NERC project NE/H009108/1. Award: £529k (£479k to Exeter). ‘Do floods matter? Bridging the gap between fluvial morphodynamics and alluvial architecture’, Exeter Investigators: Andrew Nicholas, Rolf Aalto and Luiz Aragao.

2010-2013
NERC project NE/H006524/1. Award: £607k (£180k to Exeter). ‘Morphodynamics and sedimentology of the tidally influenced fluvial zone’. Exeter Investigators: Andrew Nicholas.

2012-1015
NERC project NE/J021571/, Award: £794k (£210k to Exeter). ‘Climatic and Autogenic Controls on the Morphodynamics of Mega-Rivers: Modelling Sediment Flux in the Alluvial Transfer Zone’. Exeter Investigators: Rolf Aalto and Andrew Nicholas.

Key publications:

  1. Singer, M. B., Aalto, R. et al. (2013). Enduring legacy of a toxic fan via episodic redistribution of California gold mining debris. Proceedings of the National Academy of Sciences of the United States of America 110, 18436-18441.
  2. Perreault, L. M., Yager, E. M., Aalto, R. et al. (2013). Application of 210Pbex inventories to measure net hillslope erosion at burned sites. Earth Surface Processes and Landforms 38, 133-145.
  3. Nicholas, A. P. (2013). Modelling the continuum of river channel patterns. Earth Surface Processes and Landforms 38, 1187-1196.
  4. Nicholas, A.P. (2013). Morphodynamic diversity of the world's largest rivers. Geology 41, 475-478.
  5. Brown, A. G., Tooth, S. et al. inc. Aalto, R. (2013). The Anthropocene: is there a geomorphological case? Earth Surface Processes and Landforms 38, 431-434.
  6. Aalto, R. and C. A. Nittrouer (2012). Pb-210 geochronology of flood events in large tropical river systems. Philosophical Transactions of the Royal Society a-Mathematical Physical and Engineering Sciences 370, 2040-2074.
  7. Grenfell, M., Aalto, R. Nicholas, A. P. (2012). Chute channel dynamics in large, sand-bed meandering rivers. Earth Surface Processes and Landforms 37, 315-331.
  8. Hutton, C. J., Brazier, R. E., Nicholas, A. P. et al. (2012). On the effects of improved cross-section representation in one-dimensional flow routing models applied to ephemeral rivers. Water Resources Research 48, W04509.
  9. Aufdenkampe, A. K., Mayorga, E. et al. inc Aalto, R. (2011). Riverine coupling of biogeochemical cycles between land, oceans, and atmosphere. Frontiers in Ecology and the Environment 9, 53-60.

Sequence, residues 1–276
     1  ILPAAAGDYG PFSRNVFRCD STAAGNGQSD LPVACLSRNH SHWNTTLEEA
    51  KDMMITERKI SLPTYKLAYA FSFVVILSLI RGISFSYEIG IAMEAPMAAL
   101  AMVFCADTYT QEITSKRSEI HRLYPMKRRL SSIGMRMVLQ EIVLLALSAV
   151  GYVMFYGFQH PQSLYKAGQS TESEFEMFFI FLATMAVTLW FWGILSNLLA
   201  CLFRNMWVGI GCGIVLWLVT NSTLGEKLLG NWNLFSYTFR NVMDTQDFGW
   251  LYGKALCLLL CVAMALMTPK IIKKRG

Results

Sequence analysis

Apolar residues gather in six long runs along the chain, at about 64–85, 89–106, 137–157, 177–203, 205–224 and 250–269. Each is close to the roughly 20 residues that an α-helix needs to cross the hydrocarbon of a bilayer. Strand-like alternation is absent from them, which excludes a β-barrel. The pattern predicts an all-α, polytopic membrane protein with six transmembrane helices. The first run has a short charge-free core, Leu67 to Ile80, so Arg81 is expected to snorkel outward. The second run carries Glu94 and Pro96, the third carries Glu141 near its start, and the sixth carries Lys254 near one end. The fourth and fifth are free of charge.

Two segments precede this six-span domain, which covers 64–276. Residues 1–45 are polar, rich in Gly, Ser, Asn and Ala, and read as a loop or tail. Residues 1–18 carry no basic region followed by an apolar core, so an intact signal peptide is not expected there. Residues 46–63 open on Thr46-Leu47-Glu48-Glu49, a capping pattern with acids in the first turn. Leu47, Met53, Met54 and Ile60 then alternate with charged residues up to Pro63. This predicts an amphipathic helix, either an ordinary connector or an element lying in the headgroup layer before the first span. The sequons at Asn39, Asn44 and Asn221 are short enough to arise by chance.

10. Ghoshal, S., James, L. A., Singer, M. B., Aalto, R. (2010). Channel and Floodplain Change Analysis over a 100-Year Period: Lower Yuba River, California. Remote Sensing 2, 1797-1825.
  11. Nicholas, A. P. Quine T. A. (2010). Quantitative assessment of landform equifinality and palaeoenvironmental reconstruction using geomorphic models. Geomorphology 121, 167-183.
  12. Nicholas, A. P. (2009). Reduced-complexity flow routing models for sinuous single-thread channels: intercomparison with a physically-based shallow-water equation model. Earth Surface Processes and Landforms 34, 641-653.
  13. Nicholas, A. P., Clarke, L. et al. (2009). A numerical modelling and experimental study of flow width dynamics on alluvial fans. Earth Surface Processes and Landforms 34, 1985-1993.
  14. Singer, M. B. Aalto R. (2009). Floodplain development in an engineered setting. Earth Surface Processes and Landforms 34, 291-304.
  15. Aalto, R., Lauer, J. W. et al. (2008). Spatial and temporal dynamics of sediment accumulation and exchange along Strickland River floodplains (Papua New Guinea) over decadal-to-centennial timescales. Journal of Geophysical Research-Earth Surface 113, F01S04.
  16. Alin, S. R., Aalto, R. et al. (2008). Biogeochemical characterization of carbon sources in the strickland and fly rivers, Papua New Guinea. Journal of Geophysical Research-Earth Surface 113, F01S04.
  17. Goni, M. A., Monacci, N.  et al. inc Aalto, R. (2008). Terrigenous organic matter in sediments from the Fly River delta-clinoform system (Papua New Guinea). Journal of Geophysical Research-Earth Surface 113: F01S10.
  18. Swanson, K. M., Watson, E., Aalto, R.  et al. (2008). Sediment load and floodplain deposition rates: Comparison of the fly and Strickland rivers, Papua New Guinea. Journal of Geophysical Research-Earth Surface 113, F01S03.